When it comes to the risk of coronary artery disease (CAD), not all fat is created equal, say Hungarian researchers. They found that at least one type of visceral fat correlates with the presence of coronary artery disease.
Investigators from Semmelweis University examined healthy patients from the Burden of Atherosclerotic Plaque Study in Twins (BUDAPEST) to look for a relationship between fat in different regions of the abdomen and the presence of coronary artery disease using low-dose CT of the abdomen, as well as coronary CT angiography (CCTA).
They found that regions of visceral adipose tissue surrounding the heart were associated with the presence of coronary artery disease, while fat in other regions had no effect.
"Epicardial fat volume is an independent predictor of coronary artery disease," said Dr. Zsofia Drobni, from the Cardiovascular Imaging Research Group, in a presentation at ECR 2016. "This finding supports the hypothesis that epicardial fat promotes atherosclerosis development."
Visceral obesity a danger sign
The study measured epicardial fat volume (EFV), subcutaneous adipose tissue (SAT), and visceral adipose tissue (VAT), comparing each type to the presence of coronary artery disease as assessed by CCTA.
"Ectopic fat is defined as fat accumulation in tissues other than adipose tissue, which normally contains only small amounts of fat -- for example in the liver, in the heart, and in the pancreas," Drobni said. "Epicardial fat can be defined as fat found inside the pericardium."
CT can look for two main types of fat: subcutaneous fat, which accumulates under the skin, and fat that accumulates between the abdominal organs in the case of visceral obesity.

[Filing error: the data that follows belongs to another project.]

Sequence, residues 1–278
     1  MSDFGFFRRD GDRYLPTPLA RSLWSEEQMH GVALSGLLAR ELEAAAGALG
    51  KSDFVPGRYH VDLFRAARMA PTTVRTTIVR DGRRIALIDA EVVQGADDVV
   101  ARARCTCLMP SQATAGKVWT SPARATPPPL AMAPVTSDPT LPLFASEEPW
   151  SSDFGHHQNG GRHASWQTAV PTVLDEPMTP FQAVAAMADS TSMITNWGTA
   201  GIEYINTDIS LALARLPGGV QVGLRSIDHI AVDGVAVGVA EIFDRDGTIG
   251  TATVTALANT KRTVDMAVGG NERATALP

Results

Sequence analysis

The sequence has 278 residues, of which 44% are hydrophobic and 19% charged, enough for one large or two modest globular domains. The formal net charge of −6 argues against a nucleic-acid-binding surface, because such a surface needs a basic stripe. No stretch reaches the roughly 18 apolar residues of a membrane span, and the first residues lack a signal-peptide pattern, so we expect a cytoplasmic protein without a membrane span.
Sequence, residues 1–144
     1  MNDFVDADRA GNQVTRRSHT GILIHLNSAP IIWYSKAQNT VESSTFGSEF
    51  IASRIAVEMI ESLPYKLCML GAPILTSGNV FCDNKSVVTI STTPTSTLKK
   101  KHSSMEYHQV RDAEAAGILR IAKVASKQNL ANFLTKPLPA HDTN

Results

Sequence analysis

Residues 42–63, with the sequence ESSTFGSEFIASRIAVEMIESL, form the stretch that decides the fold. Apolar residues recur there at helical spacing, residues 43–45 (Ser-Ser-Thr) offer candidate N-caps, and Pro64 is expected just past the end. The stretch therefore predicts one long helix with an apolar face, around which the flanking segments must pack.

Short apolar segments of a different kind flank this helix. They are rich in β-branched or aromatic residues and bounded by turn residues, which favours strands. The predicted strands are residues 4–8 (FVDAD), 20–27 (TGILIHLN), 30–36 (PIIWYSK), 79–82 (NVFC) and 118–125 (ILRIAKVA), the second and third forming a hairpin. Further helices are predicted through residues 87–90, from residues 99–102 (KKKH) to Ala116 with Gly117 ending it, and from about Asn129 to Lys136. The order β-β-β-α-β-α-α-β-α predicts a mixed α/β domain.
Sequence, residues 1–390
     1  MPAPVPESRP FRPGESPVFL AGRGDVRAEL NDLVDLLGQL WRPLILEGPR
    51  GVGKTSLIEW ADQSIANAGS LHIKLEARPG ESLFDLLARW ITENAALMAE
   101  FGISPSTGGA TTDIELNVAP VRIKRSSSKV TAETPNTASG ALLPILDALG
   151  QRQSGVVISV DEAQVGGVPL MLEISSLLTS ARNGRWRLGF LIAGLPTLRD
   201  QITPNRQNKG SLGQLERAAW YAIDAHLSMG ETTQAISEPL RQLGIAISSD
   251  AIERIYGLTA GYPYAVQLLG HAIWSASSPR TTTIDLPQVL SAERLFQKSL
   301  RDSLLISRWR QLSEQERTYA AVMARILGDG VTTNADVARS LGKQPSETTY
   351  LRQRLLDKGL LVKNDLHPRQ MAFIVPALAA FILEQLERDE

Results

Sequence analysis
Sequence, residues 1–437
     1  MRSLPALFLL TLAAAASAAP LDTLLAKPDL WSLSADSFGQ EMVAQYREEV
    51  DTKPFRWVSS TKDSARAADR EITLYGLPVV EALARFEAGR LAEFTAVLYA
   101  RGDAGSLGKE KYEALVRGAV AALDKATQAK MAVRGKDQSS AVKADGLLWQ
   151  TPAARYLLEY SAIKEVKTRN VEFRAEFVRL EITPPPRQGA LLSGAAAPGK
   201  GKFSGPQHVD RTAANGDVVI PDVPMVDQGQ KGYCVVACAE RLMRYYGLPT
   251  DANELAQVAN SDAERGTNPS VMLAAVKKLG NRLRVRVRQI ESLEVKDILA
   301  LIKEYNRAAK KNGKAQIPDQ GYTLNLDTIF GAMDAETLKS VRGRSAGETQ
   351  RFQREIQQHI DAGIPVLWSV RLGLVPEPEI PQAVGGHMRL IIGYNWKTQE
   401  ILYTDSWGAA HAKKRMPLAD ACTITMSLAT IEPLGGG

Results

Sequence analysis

The study included 195 healthy asymptomatic subjects with no history of coronary disease from the BUDAPEST study. All of them underwent low-dose noncontrast-enhanced CT, from which the study team quantified the epicardial fat volume. Every patient also underwent coronary CT angiography.
In the CCTA studies, readers assessed every coronary artery segment for the presence of atherosclerotic plaque, classifying the patients into groups with CAD and without CAD. For patients who were positive for coronary disease, they calculated the segment involvement score, representing the total number of arterial segments with plaque.
The researchers also measured epicardial fat volume from the CCTA data, while measuring the SAT and VAT fat types on a single CT slice acquired at the level of the L3/L4 vertebrae.
Drobni and her team quantified epicardial fat volume semiautomatically by tracing the border of the epicardium from the bifurcation to the pulmonary artery. They then used software to calculate volume from the outlined area in cubic centimeters, and the group also used logistic regression to assess independent predictors of the presence of CAD.
Enhanced risk profile
Independent of traditional risk factors, the study team found the following characteristics to be independent predictors of coronary artery disease:
- Epicardial fat volume, which had an odds ratio (OR) for predicting CAD of 1.32 (p = 0.001)
- Age, OR of 1.1 (p < 0.001)
- Male gender, OR of 10.0 (p < 0.001)
- Hypertension, OR of 3.3 (p < 0.05)
"With an odds ratio of 1.30 it means that if you have 10 cm more of epicardial fat volume, your risk for epicardial disease is 32% higher," Drobni said.
Epicardial fat volume is an independent predictor of coronary artery disease, supporting the hypothesis that epicardial fat promotes the development of atherosclerosis, she said.
"By measuring epicardial fat volume, prediction could be more accurate, and this could be also a great step in the development of patient-based risk stratification," Drobni concluded.